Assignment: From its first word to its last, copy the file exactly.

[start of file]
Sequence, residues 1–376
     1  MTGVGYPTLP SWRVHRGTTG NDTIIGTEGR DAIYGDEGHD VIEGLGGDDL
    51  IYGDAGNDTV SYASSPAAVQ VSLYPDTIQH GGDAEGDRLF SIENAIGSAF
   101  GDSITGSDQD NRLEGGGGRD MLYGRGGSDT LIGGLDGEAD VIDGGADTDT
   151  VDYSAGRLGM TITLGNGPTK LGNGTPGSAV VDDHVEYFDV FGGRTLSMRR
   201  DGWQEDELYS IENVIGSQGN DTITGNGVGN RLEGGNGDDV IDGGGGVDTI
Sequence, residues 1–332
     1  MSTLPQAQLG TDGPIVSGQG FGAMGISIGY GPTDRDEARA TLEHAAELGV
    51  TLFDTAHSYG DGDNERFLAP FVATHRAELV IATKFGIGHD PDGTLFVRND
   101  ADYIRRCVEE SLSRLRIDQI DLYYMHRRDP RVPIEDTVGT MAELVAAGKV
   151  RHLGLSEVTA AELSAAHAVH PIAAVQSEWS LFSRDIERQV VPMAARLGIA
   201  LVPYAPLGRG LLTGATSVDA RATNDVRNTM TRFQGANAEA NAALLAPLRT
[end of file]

Sequence, residues 1–376
     1  MTGVGYPTLP SWRVHRGTTG NDTIIGTEGR DAIYGDEGHD VIEGLGGDDL
    51  IYGDAGNDTV SYASSPAAVQ VSLYPDTIQH GGDAEGDRLF SIENAIGSAF
   101  GDSITGSDQD NRLEGGGGRD MLYGRGGSDT LIGGLDGEAD VIDGGADTDT
   151  VDYSAGRLGM TITLGNGPTK LGNGTPGSAV VDDHVEYFDV FGGRTLSMRR
   201  DGWQEDELYS IENVIGSQGN DTITGNGVGN RLEGGNGDDV IDGGGGVDTI
Sequence, residues 1–332
     1  MSTLPQAQLG TDGPIVSGQG FGAMGISIGY GPTDRDEARA TLEHAAELGV
    51  TLFDTAHSYG DGDNERFLAP FVATHRAELV IATKFGIGHD PDGTLFVRND
   101  ADYIRRCVEE SLSRLRIDQI DLYYMHRRDP RVPIEDTVGT MAELVAAGKV
   151  RHLGLSEVTA AELSAAHAVH PIAAVQSEWS LFSRDIERQV VPMAARLGIA
   201  LVPYAPLGRG LLTGATSVDA RATNDVRNTM TRFQGANAEA NAALLAPLRT